Treatment of Esophageal Varices in Children

Able, Luke W.
November 1970
American Journal of Gastroenterology;Nov1970, Vol. 54 Issue 5, p453
Academic Journal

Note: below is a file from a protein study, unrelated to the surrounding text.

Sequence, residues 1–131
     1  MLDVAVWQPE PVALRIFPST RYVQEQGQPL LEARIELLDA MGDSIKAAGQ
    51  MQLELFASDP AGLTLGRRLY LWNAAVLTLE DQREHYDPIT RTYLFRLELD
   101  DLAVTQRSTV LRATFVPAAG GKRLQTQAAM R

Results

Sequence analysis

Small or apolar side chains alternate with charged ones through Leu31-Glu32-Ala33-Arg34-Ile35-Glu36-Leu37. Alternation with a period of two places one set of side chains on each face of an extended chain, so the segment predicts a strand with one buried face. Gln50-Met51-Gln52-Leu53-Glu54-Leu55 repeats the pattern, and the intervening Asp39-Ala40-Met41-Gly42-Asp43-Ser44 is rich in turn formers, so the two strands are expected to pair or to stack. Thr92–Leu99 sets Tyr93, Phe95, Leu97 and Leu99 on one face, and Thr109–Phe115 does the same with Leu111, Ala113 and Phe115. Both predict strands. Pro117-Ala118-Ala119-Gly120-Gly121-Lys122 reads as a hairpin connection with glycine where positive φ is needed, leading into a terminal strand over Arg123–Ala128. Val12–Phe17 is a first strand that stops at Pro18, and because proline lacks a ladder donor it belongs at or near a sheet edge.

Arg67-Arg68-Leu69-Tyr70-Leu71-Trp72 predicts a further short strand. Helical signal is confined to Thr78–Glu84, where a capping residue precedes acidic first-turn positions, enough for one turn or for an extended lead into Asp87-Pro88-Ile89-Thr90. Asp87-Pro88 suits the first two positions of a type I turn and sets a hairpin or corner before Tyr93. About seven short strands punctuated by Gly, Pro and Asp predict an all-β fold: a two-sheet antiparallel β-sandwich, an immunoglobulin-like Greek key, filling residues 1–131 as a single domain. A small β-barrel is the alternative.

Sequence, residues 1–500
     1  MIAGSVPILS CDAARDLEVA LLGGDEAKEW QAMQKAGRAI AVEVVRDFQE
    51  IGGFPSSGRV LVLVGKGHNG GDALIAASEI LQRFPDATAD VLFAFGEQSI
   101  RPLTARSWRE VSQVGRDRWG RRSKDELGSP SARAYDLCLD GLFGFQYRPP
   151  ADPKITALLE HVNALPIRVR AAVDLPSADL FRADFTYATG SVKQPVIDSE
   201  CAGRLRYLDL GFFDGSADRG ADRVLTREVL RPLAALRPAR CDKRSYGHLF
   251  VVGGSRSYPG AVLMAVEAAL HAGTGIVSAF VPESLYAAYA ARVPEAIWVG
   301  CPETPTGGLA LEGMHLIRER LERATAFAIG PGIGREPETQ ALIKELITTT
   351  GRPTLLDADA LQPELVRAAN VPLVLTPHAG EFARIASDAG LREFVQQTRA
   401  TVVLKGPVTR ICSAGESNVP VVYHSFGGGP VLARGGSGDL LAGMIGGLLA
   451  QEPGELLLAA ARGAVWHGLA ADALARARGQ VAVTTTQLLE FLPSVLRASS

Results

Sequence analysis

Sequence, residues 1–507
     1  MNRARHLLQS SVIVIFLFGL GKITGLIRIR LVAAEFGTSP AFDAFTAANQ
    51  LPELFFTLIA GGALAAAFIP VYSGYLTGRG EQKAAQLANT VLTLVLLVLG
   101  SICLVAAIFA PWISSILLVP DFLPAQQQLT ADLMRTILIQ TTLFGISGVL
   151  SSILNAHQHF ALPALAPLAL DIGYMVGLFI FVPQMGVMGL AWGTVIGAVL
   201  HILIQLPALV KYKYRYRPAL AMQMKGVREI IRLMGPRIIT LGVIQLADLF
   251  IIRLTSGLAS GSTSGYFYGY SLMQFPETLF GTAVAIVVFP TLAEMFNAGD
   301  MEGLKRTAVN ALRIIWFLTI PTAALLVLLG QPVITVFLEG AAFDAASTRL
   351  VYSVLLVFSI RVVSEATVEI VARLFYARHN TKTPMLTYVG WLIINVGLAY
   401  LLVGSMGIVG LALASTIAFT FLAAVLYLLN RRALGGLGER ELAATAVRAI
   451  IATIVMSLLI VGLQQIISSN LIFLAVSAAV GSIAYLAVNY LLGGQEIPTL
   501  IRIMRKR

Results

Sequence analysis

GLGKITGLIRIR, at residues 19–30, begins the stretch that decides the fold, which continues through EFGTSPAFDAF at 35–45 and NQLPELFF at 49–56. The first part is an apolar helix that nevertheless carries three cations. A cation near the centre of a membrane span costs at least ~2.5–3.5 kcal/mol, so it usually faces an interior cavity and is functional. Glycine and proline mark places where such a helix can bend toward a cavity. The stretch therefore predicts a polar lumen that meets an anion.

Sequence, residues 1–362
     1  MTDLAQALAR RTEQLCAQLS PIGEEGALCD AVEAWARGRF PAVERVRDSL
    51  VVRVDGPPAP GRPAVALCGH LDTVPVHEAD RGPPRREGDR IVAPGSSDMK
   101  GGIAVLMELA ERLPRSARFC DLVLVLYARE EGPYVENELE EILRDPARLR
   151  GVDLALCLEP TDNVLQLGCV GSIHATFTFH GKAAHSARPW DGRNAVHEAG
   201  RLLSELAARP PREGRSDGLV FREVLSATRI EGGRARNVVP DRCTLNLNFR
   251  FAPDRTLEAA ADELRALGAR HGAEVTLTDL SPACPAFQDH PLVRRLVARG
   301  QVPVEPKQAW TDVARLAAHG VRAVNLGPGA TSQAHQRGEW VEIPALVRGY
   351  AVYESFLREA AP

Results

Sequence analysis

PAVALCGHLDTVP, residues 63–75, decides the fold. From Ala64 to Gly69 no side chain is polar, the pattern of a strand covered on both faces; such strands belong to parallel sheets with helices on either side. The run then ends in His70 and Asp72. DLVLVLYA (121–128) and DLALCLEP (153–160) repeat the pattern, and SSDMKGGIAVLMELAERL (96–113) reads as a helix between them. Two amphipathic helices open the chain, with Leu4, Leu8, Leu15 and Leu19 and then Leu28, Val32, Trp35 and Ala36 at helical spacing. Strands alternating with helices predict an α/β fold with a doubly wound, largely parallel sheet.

Gastroesophageal tamponage, local hypothermia, intravenous pituitrin, and transfusions have been effective in the emergency treatment of variceal hematemesis and melena. Selective intraarterial vasopressin should be even more effective. Esophagoscopy, multiple portal pressure, and cin&ecute;venograms were valuable surgical guides. Varices are cured by the permanent establishment of a large-flow portacaval, mesenteric, or splenorenal shunt that reduces all the portal system pressure to normal. Whenever the establishment of such a large-flow is impractical, bleeding can be controlled or successfully palliated by suture obliteration of the varices together with gastric transection and splenic transposition; this is effective at any age. In this series colon interposition was utilized only for stricture and fistula, it proved a relatively simple and effective procedure. Should bleeding recur at a later date further variceal suturing may be extended, colon interposition, or better, if repeat splenovenograms can now demonstrate a fortuitously enlarged vein, a curative shunt can be established.


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